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Gigabyte Aorus Gen4 7000s 2TB SSD review: A super bang-for-buck SSD upgrade for your PlayStation 5

By Aaron Yip - 10 Mar 2022
Launch SRP: S$585

Gigabyte Aorus Gen4 7000s 2TB SSD review: A super bang-for-buck SSD upgrade for your PlayStation 5

 

Increasing your PlayStation 5's storage

The PlayStation 5’s ability to let you upgrade its storage capacity with after-market solid-state drives (SSD) is truly remarkable and gives gamers more choices to pick a suitable SSD depending on their budget and need. Unlike on the Xbox Series X/S, where Microsoft limits their gamers to proprietary, and expensive, storage expansion cards.

Following up on my earlier Seagate FireCuda 530 vs. WD Black SN850 solid-state drives (SSD) shootout, I made the recommendation for the former thanks to its speedy performance and the ability to remove the heatsink easily.

But the FireCuda 530 and Black SN850 are not the only options available for PS5 owners. Take the Gigabyte Aorus Gen4 7000s series for example, which is Gigabyte’s first SSD that is specifically marketed at the console-gaming sector. Like the Seagate and WD SSDs, the Aorus Gen4 7000s is fully compatible with the PlayStation 5 right out of the box, with a rated read speed of 7,000 MB/s, and dual-sided aluminium heatsinks. The install process is the same as with any SSD you would install into the PS5.

What makes the Aorus Gen4 7000s SSD so remarkable is its suggested retail price (SRP). At just S$585 for the 2TB version (and the one I’m reviewing here), it’s the most affordable 2TB SSD for the PS5 – heck, even for PC gamers. Comparatively speaking, the Seagate FireCuda 530’s SRP is S$819. The Gigabyte SSD offers an immense savings there!

 

Mirror mirror image

Let’s have a look at the Gigabyte Aorus Gen4 7000s specifications in comparison to the Seagate FireCuda 530 and WD Black SN850:

Specifications
  Gigabyte Aorus Gen4 7000s Seagate FireCuda 530 Western Digital WD_Black SN850
Capacity Options
  • 1TB
  • 2TB
  • 500GB
  • 1TB
  • 2TB
  • 4TB
  • 500GB
  • 1TB
  • 2TB
NAND 3D TLC 3D TLC BiCS4 96L TLC
Controller Phison PS5018-E18 Phison E18-PS5018 WD_BLACK G2
Maximum Sequential Read Speed
  • 1TB: Up to 7000MB/s
  • 2TB: Up to 7000MB/s
  • 500GB: Up to 7000MB/s
  • 1TB: Up to 7300MB/s
  • 2TB :Up to 7300MB/s
  • 4TB: Up to 7300MB/s
  • 500GB: Up to 7000MB/s
  • 1TB: Up to 7000MB/s
  • 2TB: Up to 7000MB/s
Maximum Sequential Write Speed
  • 1TB: Up to 5500MB/s
  • 2TB: Up to 6850MB/
  • 500GB: Up to 3000MB/s
  • 1TB: Up to 6000MB/s
  • 2TB: Up to 6900MB/s
  • 4TB: Up to 6900MB/s
  • 500GB: Up to 4100MB/s
  • 1TB: Up to 5300MB/s
  • 2TB: Up to 5100MB/s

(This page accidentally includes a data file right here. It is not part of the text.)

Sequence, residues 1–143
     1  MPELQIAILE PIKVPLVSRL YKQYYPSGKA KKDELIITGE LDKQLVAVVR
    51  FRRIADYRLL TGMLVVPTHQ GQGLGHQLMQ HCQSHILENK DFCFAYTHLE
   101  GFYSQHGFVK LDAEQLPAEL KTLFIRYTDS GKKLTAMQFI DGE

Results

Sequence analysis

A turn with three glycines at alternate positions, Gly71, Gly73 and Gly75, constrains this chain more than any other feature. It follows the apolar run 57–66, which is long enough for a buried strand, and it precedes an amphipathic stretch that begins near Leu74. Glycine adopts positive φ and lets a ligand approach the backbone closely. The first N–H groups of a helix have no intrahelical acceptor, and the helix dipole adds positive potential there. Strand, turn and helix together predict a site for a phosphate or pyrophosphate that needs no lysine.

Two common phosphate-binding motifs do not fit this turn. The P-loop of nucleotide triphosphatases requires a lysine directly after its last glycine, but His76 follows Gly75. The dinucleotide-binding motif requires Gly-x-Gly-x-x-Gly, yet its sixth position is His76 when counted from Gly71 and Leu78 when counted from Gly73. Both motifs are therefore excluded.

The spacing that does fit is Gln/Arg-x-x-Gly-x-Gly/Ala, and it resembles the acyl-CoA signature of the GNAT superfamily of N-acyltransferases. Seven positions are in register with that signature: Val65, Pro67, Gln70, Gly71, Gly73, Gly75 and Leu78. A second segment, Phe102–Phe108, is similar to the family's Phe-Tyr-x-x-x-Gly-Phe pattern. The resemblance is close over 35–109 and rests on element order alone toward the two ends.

At a glance we can see that specs for specs, the Gigabyte SSD is slower - even if just marginal - than Seagate's FireCuda 530 even when both are using the same NAND controller and component. But it does seem to be the better choice than the WD SN850. It may also seem a little odd that Gigabyte is only offering two models, the 1TB and the flagship 2TB, but as both modern PC and consoles (PS5) games have already breached the 100GB mark, an SSD with a 500GB capacity is insufficient for a gamer's storage needs.

 

Performance Analysis

Specs on paper are one thing, and real-world performances are another. Let's see how both drives fared in our benchmarks with our PlayStation 5.

Loading from the PS5 home screen to the game's menu
  PS5 (Default SSD) Gigabyte Aorus Gen4 7000s (2TB) Seagate Firecuda 530 (2TB) WD Black SN850 (2TB)
Final Fantasy VII: Remake 8.22sec 7.88sec 7.95sec 7.80sec
Deathloop 9.10sec 8.95sec 8.83sec 9.12sec
Marvel's Guardians of the Galaxy 5.30sec 4.72sec 4.70sec 4.76sec

 

Loading from the game's start menu to playing the game
  PS5 (Default SSD) Gigabyte Aorus Gen4 7000s (2TB) Seagate Firecuda 530 (2TB) WD Black SN850 (2TB)
Final Fantasy VII: Remake 3.01sec 3.01sec 2.98sec 3.21sec
Deathloop 11.75sec 11.72sec 11.74sec 11.87sec
Marvel's Guardians of the Galaxy 6.11sec 6.25sec 6.26sec 6.20sec

 

File transfer
  Console storage to SSD SSD to Console storage
  Gigabyte Aorus Gen4 7000s Seagate FireCuda 530 WD Black SN850 Gigabyte Aorus Gen4 7000s Seagate FireCuda 530 WD Black SN850
Final Fantasy VII: Remake (85.89GB) 1min10sec 1min10sec 1min10sec 6mins21sec 6mins19sec 6mins26sec
Deathloop (28.24GB) 24.90sec 24.88sec 24.93sec 2mins07sec 2mins06sec 2mins09sec
Marvel's Guardians of the Galaxy (39.07GB) 27.45sec 27.36sec 28.40sec 2mins17sec 2mins16sec 2mins17sec

 

In summary

There are a couple of things we can learn from the results above. The first is that the performance differences between all three SSDs are so marginal that you will not notice any difference in the real world - although I take my hat off to the Seagate FireCuda 530 for being just the better performer here by a wee bit. And therein lies my next and second point; if these drives perform so well on the PlayStation 5, then obviously the one area that will prove to be the key differentiator is value. Based on just price alone, the Gigabyte is absolutely unbeatable.

At more than S$200 cheaper than the Seagate's, and with almost negligible differences in performance, the Aorus Gen4 7000s is really the SSD to get for both PS5 and PC gamers. For the latter, should you want to make use of any motherboard M.2 cooling features instead of the SSD's aluminium heatsink, you can even remove the heatsink easily by undoing four tiny screws.

The Aorus Gen4 7000s is available at Gigabyte's official Shopee Mall.

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9.0
  • Performance 9
  • Features 8
  • Value 9.5
The Good
Great performance
Even greater value
Removable heatsink
The Bad
No 500GB option available (but that's not necessarily a bad thing)
No 4TB option available
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